• Ireland is an exception among OECD countries, with a positive contribution from multifactor productivity to labour productivity growth each year between 2020 and 2022. During the same period, labour productivity growth slowed down in Ireland, reaching 0.8% in 2022, with large negative capital stock-to-output contributions over 2021-22. This evolution seems to be driven by multinational enterprises, as the MFP of the domestic sector in Ireland was relatively flat during 2020-22, while the foreign one kept rising (Central Statistics Office, 2023[27]). This is in line with documented labour productivity gaps between the domestic and foreign sectors in Ireland (Papa, Rehill and O’Connor, 2018[28]), with so far limited productivity spillovers from the latter to the former (Di Ubaldo, Lawless and Siedschlag, 2018[29]).

As explained in the previous section, the OECD estimates capital stocks and computes capital services using a set of harmonised ICT investment deflators as well as the same depreciation rates and retirement profiles for the different assets across countries (Schreyer, 2002[25]) (Schreyer, Bignon and Dupont, 2003[23]). OECD also applies a consistent methodology to estimate MFP growth.

In the above charts, national accounts data on hours worked for Austria, Estonia, Finland, Greece, Latvia, Lithuania, Poland, Portugal, Sweden and the United Kingdom have been replaced with estimates obtained with the OECD simplified component method described in the Section Hours worked and employment in Chapter 3. However, the impact of this correction on labour productivity growth rates is marginal (Ward, Zinni and Marianna, 2018[22]).

For further methodological information, consult the OECD Productivity Statistics – Methodological notes at https://www.oecd.org/sdd/productivity-stats/OECD-Productivity-Statistics-Methodological-note.pdf.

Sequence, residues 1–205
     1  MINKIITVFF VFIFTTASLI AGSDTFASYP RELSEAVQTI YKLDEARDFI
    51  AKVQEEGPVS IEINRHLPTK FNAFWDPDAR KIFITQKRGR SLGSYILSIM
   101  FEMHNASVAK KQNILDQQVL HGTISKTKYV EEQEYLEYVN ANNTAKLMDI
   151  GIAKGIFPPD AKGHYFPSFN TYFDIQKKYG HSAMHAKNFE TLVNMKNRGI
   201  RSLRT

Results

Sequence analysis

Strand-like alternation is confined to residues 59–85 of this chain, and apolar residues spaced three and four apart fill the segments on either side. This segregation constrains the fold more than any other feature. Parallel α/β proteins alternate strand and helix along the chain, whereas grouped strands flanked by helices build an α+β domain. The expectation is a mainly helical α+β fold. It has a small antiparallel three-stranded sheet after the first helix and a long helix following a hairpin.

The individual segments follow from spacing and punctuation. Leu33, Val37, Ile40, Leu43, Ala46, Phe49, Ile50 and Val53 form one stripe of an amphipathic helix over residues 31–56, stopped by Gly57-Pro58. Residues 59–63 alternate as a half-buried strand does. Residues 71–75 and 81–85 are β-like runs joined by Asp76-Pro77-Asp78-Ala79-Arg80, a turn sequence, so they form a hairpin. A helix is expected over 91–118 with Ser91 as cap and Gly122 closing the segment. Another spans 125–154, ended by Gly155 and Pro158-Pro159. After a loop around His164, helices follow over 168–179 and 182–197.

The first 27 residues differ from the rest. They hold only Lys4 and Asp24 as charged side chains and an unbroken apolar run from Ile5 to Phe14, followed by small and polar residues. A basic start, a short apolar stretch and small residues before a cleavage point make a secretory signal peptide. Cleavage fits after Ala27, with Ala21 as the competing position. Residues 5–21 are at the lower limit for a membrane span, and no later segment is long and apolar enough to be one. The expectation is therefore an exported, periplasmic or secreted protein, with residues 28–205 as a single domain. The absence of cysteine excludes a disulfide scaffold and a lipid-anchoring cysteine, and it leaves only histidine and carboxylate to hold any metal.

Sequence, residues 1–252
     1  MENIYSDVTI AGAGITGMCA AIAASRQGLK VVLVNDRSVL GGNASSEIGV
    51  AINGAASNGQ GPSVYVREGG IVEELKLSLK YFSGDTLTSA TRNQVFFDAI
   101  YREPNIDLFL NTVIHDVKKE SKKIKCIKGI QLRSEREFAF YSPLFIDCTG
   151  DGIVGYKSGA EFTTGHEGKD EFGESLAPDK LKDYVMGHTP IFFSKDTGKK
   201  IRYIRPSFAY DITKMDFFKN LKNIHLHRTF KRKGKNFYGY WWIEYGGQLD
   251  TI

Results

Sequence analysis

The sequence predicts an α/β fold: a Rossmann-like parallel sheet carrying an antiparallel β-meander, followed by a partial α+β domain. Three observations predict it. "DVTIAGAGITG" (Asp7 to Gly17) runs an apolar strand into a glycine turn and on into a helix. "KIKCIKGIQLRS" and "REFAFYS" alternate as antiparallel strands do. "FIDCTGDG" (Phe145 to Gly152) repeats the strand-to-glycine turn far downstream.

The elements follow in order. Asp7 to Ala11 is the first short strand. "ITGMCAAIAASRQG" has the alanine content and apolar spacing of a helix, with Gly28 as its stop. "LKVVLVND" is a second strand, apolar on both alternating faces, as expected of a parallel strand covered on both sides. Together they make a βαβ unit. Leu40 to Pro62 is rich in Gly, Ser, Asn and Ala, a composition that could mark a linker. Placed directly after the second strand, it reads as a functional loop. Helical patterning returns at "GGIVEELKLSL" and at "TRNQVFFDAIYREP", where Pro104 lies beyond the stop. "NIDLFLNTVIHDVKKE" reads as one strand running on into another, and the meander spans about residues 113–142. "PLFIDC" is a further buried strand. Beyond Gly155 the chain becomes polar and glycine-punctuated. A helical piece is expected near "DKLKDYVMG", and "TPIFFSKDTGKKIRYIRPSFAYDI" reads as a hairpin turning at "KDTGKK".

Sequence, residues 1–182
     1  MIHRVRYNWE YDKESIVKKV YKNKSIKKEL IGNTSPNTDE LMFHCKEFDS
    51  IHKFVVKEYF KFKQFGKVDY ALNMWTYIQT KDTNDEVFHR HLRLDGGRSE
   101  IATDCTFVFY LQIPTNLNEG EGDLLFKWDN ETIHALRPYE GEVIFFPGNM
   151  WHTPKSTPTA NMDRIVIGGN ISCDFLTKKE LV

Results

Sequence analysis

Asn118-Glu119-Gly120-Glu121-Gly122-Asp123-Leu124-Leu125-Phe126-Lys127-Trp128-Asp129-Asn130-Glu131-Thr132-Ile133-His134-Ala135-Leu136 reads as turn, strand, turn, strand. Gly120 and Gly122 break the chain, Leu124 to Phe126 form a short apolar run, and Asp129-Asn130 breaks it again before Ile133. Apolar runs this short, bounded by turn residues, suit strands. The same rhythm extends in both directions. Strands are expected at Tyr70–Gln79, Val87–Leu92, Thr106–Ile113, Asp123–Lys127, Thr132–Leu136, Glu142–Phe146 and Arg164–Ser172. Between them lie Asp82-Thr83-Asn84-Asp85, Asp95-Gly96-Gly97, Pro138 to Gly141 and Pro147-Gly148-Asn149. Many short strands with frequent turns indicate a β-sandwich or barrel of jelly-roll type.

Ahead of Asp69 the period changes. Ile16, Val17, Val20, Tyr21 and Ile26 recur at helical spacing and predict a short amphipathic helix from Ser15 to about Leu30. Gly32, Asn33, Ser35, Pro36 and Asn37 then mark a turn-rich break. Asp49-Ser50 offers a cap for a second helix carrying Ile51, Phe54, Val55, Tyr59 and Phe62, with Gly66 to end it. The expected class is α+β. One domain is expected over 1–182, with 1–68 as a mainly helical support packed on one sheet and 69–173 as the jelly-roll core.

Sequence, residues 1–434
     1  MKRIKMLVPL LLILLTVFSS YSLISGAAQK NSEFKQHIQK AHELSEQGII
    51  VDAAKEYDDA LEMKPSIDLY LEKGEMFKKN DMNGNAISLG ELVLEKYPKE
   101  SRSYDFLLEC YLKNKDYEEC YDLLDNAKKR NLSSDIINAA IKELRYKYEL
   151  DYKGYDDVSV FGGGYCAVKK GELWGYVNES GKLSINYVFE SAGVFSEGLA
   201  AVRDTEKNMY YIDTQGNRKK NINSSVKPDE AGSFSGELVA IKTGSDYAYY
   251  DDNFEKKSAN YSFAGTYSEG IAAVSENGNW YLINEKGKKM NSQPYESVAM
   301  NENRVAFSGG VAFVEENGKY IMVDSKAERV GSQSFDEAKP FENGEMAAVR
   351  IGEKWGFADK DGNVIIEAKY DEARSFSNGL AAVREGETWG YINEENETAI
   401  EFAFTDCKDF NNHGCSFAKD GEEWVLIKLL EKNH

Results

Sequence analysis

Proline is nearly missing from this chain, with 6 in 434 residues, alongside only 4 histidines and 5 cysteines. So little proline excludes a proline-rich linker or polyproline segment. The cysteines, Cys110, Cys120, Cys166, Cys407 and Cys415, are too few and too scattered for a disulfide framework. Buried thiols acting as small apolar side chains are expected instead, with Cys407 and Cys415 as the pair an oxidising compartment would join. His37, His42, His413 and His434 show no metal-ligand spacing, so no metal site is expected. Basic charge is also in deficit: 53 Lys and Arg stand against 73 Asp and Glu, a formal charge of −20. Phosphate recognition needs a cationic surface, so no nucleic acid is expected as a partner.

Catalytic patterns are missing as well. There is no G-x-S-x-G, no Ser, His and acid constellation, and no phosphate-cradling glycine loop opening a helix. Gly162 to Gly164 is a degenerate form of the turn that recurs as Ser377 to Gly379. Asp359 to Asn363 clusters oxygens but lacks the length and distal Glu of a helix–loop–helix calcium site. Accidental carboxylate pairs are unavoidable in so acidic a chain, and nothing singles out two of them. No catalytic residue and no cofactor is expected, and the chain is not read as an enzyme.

OECD Economic Outlook: Statistics and Projections (database), https://doi.org/10.1787/eo-data-en.

OECD Employment and Labour Market Statistics (database), https://doi.org/10.1787/lfs-data-en.

OECD National Accounts Statistics (database), https://doi.org/10.1787/na-data-en.

OECD Productivity Statistics (database), https://doi.org/10.1787/pdtvy-data-en.

References and further reading

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[16] Ahmad, N. and P. Schreyer (2016), “Measuring GDP in a Digitalised Economy”, OECD Statistics Working Papers, No. 2016/7, OECD Publishing, Paris, https://doi.org/10.1787/5jlwqd81d09r-en.

[4] Andrews, D., C. Criscuolo and P. Gal (2016), “The Best versus the Rest: The Global Productivity Slowdown, Divergence across Firms and the Role of Public Policy”, OECD Productivity Working Papers, No. 5, OECD Publishing, Paris, https://doi.org/10.1787/63629cc9-en.

[5] Andrews, D., G. Nicoletti and C. Timiliotis (2018), “Digital technology diffusion: A matter of capabilities, incentives or both?”, OECD Economics Department Working Papers, No. 1476, OECD Publishing, Paris, https://doi.org/10.1787/7c542c16-en.

[20] Autor, D. (2022), “The Labor Market Impacts of Technological Change: From Unbridled Enthusiasm, To Qualified Optimism, to Vast Uncertainty”, NBER Working Paper No. 30074, https://www.nber.org/system/files/working_papers/w30074/w30074.pdf.

[9] Barnett, A. et al. (2014), “The UK Productivity Puzzle”, Bank of England Quarterly Bulletin, 2014 Q2.

[18] Brynjolfsson, E., D. Rock and C. Syverson (2021), “The Productivity J-Curve: How Intangibles Complement General Purpose Technologies”, American Economic Journal: Macroeconomics, Vol. 13/1, pp. 333-372, https://doi.org/10.1257/mac.20180386.

[15] Byrne, D., J. Fernald and M. Reinsdorf (2016), “Does the United States have a Productivity Slowdown or a Measurement Problem?”, Brookings Papers on Economic Activity, http://www.brookings.edu/~/media/projects/bpea/spring-2016/byrneetal_productivitymeasurement_conferencedraft.pdf.